Lu Guanzhong’s Romance of the Three Kingdoms, one of China’s Four Great Classical Novels, is replete with traditional virtues and morality in its dramatic depiction of the historical episodes and heroic figures from the Three Kingdoms Period (220 – 280). The names and deeds of characters such as the benevolent nobleman Liu Bei, the loyal and righteous warrior Guan Yu, or the shrewd warlord Cao Cao, have been remembered and passed down from generation to generation.
But in the 120 chapters of the Three Kingdoms, the star shining throughout is neither Cao Cao, who unified northern China and commanded thousands of top generals and ministers of all kinds; nor is it Liu Bei, who rallied behind him the five bravest warriors of the land. Neither was it the illustrious Sun Quan, a man otherwise destined for greatness in his lordship over the Chinese southeast. The eponymous three monarchs were ultimately overshadowed by the famed Zhuge Liang, who served Liu Bei as an invaluable advisor and strategist.
The Three Kingdoms introduces Zhuge Liang, also known by his courtesy title Kongming (Clearly Enlightened), rather late, in the 37th chapter. Liu Bei, determined to restore the ousted Han Dynasty, visited Zhuge Liang three times before gaining his allegiance. Once he is introduced, his role expands to eclipse that of the other heroes. Thirty-five of the book’s chapters deal with Zhuge Liang’s many stratagems and battles, and he wins many titles and designations, such as “Grand Chancellor” or “Crouching Dragon.”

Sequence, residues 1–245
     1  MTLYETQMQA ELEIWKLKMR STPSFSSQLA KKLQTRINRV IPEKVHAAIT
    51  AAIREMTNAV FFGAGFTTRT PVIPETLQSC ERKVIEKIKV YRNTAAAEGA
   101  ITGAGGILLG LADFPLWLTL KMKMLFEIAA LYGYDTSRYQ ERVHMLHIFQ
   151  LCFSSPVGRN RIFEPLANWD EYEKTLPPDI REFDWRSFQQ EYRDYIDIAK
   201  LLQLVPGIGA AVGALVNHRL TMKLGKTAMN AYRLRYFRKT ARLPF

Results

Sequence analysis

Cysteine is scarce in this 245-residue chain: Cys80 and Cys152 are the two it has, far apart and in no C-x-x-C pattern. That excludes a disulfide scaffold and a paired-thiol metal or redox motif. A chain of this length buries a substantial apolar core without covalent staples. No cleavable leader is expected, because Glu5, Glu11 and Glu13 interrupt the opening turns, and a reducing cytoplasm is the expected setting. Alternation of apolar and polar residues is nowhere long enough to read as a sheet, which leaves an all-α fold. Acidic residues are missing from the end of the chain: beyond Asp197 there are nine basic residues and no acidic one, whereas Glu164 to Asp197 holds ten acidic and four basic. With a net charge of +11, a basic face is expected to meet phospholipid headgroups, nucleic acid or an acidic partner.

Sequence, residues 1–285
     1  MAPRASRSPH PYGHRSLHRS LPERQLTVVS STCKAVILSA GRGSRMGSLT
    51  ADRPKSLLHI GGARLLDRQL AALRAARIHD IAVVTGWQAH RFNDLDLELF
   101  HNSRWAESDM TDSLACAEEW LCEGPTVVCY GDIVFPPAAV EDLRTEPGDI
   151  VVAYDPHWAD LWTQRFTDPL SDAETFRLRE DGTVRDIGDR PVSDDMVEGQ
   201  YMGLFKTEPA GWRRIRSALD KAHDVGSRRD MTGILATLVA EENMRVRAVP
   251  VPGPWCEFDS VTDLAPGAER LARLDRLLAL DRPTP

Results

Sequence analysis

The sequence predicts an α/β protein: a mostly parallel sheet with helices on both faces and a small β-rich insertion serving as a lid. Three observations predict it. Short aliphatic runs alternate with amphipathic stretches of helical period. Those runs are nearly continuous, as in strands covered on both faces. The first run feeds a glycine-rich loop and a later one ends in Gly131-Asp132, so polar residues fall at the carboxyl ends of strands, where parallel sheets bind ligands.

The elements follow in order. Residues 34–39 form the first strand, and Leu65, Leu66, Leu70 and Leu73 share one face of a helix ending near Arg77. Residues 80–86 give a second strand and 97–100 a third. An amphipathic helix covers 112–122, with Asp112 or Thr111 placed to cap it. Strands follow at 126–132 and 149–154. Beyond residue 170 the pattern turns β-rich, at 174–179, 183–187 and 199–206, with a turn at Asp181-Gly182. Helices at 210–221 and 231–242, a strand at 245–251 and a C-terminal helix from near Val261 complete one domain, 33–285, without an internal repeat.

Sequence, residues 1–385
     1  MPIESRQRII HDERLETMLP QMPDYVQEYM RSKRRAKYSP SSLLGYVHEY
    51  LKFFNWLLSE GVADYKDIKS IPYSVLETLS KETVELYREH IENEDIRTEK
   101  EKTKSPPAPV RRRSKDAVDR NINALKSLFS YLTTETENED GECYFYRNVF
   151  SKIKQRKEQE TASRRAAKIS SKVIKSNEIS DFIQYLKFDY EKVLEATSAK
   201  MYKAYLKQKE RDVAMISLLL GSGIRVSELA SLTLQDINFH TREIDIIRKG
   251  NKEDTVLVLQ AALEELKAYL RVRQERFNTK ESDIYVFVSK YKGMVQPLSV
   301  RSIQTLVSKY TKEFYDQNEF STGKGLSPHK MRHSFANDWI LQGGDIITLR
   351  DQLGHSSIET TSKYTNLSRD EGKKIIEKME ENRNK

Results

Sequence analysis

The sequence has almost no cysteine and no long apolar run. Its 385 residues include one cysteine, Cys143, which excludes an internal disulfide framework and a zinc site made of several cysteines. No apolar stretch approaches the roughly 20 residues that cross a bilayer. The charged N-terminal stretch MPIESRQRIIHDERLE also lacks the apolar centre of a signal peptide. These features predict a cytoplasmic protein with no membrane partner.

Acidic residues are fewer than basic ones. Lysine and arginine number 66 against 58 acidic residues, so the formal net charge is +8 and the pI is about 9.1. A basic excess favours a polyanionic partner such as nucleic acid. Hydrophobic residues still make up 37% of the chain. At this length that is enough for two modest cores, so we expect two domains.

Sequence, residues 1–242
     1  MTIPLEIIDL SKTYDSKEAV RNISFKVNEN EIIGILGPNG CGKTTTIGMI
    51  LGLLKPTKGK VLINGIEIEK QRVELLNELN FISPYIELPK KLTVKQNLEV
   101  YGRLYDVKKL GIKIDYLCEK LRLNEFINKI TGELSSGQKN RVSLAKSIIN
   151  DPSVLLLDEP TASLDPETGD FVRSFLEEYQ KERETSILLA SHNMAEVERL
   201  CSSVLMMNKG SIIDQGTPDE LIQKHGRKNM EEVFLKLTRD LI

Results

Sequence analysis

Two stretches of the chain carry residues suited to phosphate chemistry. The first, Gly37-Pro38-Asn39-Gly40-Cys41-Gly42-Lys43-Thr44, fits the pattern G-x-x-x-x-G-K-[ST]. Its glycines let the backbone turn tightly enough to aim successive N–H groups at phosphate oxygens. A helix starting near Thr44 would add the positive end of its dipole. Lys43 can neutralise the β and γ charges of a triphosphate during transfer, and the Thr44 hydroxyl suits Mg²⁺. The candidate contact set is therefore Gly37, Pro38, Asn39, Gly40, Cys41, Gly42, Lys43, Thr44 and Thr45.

The Empty City Stratagem is one of the most famous episodes from Zhuge Liang’s story. To stall for time to protect their main force on the retreat, Zhuge Liang led a rear guard of elderly soldiers and young students to open the city gates and wait for the arrival of the pursuing enemy. While facing the advancing infantry, Zhuge made no defensive preparation but simply played a musical instrument while sitting leisurely atop the city walls. Convinced that Zhuge Liang was luring them into a deadly trap, the enemy stopped their advance and even began to retreat.
Zhuge Liang’s genius was of such repute that he was known as “Crouching Dragon” even before he became Liu Bei’s military advisor. In ancient China, only emperors qualified for the title “Dragon,” but Zhuge Liang received his title while living in relative seclusion. Sima Hui, the cultivator who recommended Zhuge Liang to Liu Bei, compared Zhuge to the ancient ministers Guan Zhong and Yue Yi, both prominent leaders during the Spring and Autumn Warring States eras, as well as the greatest statesmen of antiquity, Jiang Ziya and Zhang Liang. Jiang Ziya aided two kings of the of Zhou Dynasty, which lasted 800 years. Zhang Liang (262-189 B.C.) was a chief military strategist, minister, and advisor to Liu Bang, the founding emperor of the Han Dynasty. The 400 years of the Han Dynasty saw the first peak of Chinese civilization.
Aside from his keen strategic mind, Zhuge Liang also possessed a commendable sense of honor. Once, when Liu Bei’s warrior Guan Yu captured enemy warlord Cao Cao, Zhuge Liang convinced Guan Yu to let him go in order to repay a debt: Cao Cao had once released Guan Yu after taking him prisoner in a previous battle. In decades of serving Liu Bei, Zhuge Liang demonstrated great wisdom, benevolence, bravery, justice, and the pursuit of simplicity and candidness. When he died during the Battle of Wuzhang Plains, even his enemies paused to pay their respects to this hero, whose end Luo Guanzhong described as “the fall of the brightest star.”
Zhuge Liang had defended Liu Bei’s southwestern Chinese kingdom for decades against the armies of the north. His passing marked the beginning of the end of the Three Kingdoms era.